“Malcolm says: ‘I hate desks. Desks are now banished.’ He starts the day writing at home, but this is always done from his sofa, using his laptop. ‘I work better when I’m comfortable,’ he says. After a stint on the sofa, it’s out into the world. I refer to my writing as ‘rotating.’ I always say ‘I’m going to rotate’ because I have a series of spots that I rotate.’ There’s one in the lower East Side. [sic] ‘The waiters are all Australian and they play The Smiths all day long which I find so fabulous. I always go there on the weekends. Then there are restaurants in Little Italy that I go to. I often go to these places in the middle of the afternoon, when they’ll let me linger.’ In his acknowledgements in Blink, Malcolm thanks the staff of Savoy in SoHo. ‘I go there so often. I wrote a big chunk of my book there. They have these huge windows and they open them out so that people on the street are walking right by you. You feel the traffic; you feel in the middle of things and paradoxically I find it very calming.’”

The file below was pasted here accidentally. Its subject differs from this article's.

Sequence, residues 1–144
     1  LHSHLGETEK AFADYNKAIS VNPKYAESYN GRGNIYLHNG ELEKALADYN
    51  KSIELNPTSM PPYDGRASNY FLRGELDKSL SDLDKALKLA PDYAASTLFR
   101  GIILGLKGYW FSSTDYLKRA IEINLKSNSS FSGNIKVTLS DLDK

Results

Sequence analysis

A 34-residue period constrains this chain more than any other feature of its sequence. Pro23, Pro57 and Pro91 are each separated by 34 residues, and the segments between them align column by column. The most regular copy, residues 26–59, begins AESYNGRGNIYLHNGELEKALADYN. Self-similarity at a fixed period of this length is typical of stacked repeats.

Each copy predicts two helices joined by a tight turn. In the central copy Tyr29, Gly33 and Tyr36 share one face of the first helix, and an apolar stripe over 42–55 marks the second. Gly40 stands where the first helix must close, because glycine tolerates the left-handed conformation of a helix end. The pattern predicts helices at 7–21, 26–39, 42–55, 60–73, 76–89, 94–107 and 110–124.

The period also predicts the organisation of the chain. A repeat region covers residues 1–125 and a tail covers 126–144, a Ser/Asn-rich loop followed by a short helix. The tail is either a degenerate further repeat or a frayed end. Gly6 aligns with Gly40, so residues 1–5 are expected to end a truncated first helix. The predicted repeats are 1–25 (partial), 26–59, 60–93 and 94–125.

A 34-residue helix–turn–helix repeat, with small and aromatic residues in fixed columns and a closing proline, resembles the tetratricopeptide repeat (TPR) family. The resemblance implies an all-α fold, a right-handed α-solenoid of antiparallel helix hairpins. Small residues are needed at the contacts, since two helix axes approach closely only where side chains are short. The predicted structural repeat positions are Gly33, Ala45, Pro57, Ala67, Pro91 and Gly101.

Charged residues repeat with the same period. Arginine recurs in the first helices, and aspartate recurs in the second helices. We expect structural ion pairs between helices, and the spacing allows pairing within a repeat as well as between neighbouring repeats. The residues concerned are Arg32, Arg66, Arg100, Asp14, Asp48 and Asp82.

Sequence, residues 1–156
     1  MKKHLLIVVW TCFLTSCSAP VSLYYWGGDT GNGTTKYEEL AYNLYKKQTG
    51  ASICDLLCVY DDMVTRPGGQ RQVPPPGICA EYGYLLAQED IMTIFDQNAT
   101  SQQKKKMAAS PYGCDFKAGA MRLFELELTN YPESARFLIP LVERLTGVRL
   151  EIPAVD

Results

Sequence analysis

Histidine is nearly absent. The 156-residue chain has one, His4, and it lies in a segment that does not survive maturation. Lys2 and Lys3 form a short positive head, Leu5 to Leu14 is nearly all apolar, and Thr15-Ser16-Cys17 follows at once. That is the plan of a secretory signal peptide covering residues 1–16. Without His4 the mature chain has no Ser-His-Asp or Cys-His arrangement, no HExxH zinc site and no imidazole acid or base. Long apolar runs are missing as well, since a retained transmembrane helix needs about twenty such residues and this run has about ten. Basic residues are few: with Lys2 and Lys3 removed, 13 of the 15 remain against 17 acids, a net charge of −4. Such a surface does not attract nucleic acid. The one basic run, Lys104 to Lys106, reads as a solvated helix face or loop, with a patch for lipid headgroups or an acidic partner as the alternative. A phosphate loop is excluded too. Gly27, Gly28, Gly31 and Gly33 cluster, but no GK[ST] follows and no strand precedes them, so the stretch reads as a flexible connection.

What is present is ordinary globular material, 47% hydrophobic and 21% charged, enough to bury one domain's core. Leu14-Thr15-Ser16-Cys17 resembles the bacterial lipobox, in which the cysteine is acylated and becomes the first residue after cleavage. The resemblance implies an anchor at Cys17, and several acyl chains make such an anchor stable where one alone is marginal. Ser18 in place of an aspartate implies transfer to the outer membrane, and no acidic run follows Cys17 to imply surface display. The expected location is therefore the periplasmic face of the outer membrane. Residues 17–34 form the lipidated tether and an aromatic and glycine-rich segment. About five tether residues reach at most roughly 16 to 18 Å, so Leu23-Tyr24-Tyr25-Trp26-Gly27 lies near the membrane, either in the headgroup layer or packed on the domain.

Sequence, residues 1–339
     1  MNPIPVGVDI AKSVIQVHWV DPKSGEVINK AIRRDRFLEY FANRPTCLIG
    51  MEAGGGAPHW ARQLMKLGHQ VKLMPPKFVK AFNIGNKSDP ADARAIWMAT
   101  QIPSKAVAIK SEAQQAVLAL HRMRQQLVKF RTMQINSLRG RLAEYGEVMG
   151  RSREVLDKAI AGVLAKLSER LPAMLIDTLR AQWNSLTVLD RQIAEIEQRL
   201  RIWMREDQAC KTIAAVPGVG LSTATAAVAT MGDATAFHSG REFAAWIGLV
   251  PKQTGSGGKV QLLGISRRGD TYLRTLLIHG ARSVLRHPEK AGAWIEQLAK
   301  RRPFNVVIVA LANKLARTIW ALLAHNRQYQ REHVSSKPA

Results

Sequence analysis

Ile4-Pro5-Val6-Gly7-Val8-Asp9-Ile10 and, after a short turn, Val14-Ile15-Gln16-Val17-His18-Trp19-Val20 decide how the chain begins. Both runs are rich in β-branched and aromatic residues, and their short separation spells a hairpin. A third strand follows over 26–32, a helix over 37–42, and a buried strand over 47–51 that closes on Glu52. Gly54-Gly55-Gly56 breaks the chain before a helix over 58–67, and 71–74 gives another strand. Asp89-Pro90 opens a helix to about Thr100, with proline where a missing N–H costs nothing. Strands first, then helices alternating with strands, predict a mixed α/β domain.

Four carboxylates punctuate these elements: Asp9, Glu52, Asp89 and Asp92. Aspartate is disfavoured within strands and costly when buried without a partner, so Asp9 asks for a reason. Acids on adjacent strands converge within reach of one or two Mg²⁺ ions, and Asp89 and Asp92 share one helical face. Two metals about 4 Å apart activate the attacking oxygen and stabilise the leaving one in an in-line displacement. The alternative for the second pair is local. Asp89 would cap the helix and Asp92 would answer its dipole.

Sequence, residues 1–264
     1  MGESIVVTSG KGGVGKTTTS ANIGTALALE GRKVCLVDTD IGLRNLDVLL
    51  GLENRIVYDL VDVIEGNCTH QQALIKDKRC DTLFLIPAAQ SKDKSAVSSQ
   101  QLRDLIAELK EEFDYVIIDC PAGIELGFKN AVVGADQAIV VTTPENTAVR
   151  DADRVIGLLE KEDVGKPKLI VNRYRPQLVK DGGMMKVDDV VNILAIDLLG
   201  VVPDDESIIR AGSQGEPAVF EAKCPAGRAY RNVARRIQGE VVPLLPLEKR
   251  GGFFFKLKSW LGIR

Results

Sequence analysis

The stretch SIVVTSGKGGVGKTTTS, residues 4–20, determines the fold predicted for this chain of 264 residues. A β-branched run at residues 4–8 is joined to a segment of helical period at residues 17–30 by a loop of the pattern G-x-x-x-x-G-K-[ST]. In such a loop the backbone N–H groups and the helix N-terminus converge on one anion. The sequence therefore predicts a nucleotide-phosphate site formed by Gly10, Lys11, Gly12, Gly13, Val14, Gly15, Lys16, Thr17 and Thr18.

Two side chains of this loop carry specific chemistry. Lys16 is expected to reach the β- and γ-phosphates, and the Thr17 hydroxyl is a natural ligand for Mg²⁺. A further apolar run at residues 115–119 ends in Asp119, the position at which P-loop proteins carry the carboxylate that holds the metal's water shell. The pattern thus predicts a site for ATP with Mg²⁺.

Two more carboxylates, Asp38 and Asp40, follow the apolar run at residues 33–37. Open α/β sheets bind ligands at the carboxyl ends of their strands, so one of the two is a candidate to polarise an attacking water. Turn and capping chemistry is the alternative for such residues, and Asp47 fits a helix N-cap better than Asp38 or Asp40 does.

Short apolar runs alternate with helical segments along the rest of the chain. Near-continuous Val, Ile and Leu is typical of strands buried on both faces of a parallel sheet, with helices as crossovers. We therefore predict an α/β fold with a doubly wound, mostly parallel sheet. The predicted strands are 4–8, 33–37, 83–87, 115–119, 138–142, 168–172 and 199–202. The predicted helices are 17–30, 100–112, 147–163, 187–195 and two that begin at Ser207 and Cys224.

It’s possible Gladwell doesn’t remember this period of his life, or that going to moody cafes on a rotational basis doesn’t square with his perception of the modern WFH era. But what he’s describing pretty clearly depicts a worker finding a sense of daily belonging outside of a traditional work setting. Who’s to say that a worker couldn’t (or shouldn’t) recreate these afternoons 17 years later — or further up the social stakes by participating in a running club or calling a friend in the middle of the day (at a time they might normally be pretending to read spreadsheets in a beige cubicle)?